A comprehensive study analyzed 2 years’ worth of Bitcoin buying and selling data. The findings were pretty surprising. The research took a look at the average weekly market cycle to find the best day of the week to buy, and also to sell.
What Were the Findings That Researchers Discovered?
Longhash’s study took a look at the Bitcoin hourly price data over a two year period and noticed some very interesting patterns regarding price action and trading volume. The data for their study was provided by CryptoDataDownload.
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The methodology behind the study was to find an average price for open, close, high, and low for every hour of every week. So, for example, they took the high price on every Monday at 6 am and found the average to come to a mean price. They did this for every hour of every day of the week for a two-year span. It must have been a lot of work!
The researchers found that the average lowest price for Bitcoin was at 6 am UTC time on Fridays. This means that this is on average, is the best time to take a position, in a long trade.
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Obviously, the BTC market is very volatile and may not always conform to an overall average, so don’t take these findings as gospel. It isn’t investment advice, it’s simply market analysis.
The researchers also found that on average, on Mondays & Tuesdays around midnight UTC, the Bitcoin price averaged 170 dollars higher than on Fridays.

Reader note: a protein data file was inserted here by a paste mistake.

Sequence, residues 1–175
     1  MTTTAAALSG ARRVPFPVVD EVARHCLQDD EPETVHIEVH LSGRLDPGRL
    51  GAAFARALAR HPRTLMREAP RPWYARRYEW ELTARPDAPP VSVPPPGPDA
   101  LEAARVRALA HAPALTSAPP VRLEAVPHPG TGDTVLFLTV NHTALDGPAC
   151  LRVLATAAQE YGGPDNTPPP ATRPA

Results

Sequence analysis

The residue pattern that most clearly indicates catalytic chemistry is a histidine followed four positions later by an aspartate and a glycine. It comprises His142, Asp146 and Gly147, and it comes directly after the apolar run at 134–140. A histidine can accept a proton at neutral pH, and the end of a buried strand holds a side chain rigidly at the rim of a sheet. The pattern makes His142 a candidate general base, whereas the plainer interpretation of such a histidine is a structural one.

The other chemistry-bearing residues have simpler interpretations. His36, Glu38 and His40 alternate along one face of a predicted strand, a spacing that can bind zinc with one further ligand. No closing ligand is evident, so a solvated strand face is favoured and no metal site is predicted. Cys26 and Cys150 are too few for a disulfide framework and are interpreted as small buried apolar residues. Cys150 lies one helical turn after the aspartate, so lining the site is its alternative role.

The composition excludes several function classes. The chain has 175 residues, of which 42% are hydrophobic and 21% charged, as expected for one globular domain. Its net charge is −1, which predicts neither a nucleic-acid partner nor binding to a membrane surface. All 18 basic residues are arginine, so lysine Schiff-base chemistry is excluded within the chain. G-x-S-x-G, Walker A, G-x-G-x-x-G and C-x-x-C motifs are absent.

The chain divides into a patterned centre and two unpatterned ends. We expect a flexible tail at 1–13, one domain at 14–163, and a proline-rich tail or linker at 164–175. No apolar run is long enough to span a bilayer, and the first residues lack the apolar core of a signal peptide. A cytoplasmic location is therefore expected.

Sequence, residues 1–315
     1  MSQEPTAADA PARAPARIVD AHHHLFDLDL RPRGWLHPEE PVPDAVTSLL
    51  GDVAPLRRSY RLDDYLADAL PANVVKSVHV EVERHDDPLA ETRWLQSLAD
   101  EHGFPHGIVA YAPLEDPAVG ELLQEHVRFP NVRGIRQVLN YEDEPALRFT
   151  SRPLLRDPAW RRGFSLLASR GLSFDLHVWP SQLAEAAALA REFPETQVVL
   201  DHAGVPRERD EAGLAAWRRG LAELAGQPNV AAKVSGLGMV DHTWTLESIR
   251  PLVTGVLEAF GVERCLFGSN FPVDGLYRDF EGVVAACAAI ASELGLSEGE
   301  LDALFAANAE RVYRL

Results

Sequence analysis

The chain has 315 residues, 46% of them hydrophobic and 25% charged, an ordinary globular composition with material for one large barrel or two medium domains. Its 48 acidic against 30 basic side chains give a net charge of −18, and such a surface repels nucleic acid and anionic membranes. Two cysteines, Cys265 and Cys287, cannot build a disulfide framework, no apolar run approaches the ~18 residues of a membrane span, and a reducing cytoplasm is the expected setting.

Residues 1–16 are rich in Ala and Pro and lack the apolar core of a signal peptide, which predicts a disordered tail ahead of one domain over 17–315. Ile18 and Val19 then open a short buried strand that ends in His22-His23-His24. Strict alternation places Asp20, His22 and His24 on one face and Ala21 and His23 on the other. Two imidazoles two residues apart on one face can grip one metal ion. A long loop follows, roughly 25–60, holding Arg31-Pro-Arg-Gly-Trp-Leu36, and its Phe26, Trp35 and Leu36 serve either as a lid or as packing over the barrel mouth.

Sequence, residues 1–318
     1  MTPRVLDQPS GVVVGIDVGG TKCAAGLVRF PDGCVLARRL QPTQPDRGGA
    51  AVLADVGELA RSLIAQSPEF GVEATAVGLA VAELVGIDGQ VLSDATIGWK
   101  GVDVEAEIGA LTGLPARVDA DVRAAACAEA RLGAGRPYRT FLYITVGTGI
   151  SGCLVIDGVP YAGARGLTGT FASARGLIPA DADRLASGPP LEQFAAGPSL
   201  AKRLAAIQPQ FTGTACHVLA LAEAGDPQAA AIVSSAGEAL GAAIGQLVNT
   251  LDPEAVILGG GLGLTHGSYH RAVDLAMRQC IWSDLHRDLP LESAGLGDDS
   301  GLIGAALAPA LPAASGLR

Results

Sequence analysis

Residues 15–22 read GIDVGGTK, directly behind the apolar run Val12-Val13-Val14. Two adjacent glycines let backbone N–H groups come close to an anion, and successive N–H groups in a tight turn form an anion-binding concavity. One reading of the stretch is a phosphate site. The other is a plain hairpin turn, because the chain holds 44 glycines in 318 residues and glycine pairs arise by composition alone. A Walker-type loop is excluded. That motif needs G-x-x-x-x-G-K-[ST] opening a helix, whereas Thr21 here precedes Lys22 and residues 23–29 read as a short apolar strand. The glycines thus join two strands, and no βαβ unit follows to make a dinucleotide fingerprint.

This means that Monday or Tuesday statistically is the best time to cash out your Friday long or take a short position to cash out on the subsequent Friday when the price is statistically lower.
Why Does the Bitcoin Market Fluctuate Like This?
To be frank, nobody really knows, although the researchers in the study above speculated that due to Monday/Tuesday midnight UTC time, it may be that because of timezone overlap, more active traders are online at this time. Asian, European and American traders are all active at this time.
The researchers did note, that the trading volume isn’t especially higher during this time, that it doesn’t exactly correlate. Researchers did note a correlation with the lower prices on Fridays, with lower trading volume, however, lending credence to their findings for lower prices.
Mondays could be reflecting higher price points due to institutional investors taking positions at the beginning of the week. Many OTC desks do their best to make large buy orders and sell orders invisible to the retail trading market to prevent front-running.
That would also support the lower prices on Friday evenings as traders cash out for the week on the positions they took on Monday/Tuesday. This is purely speculation, of course. Either way, kudos to the researchers who conducted the study and revealed the interesting results.
What do you think of this bitcoin price study? Let us know in the comments below!
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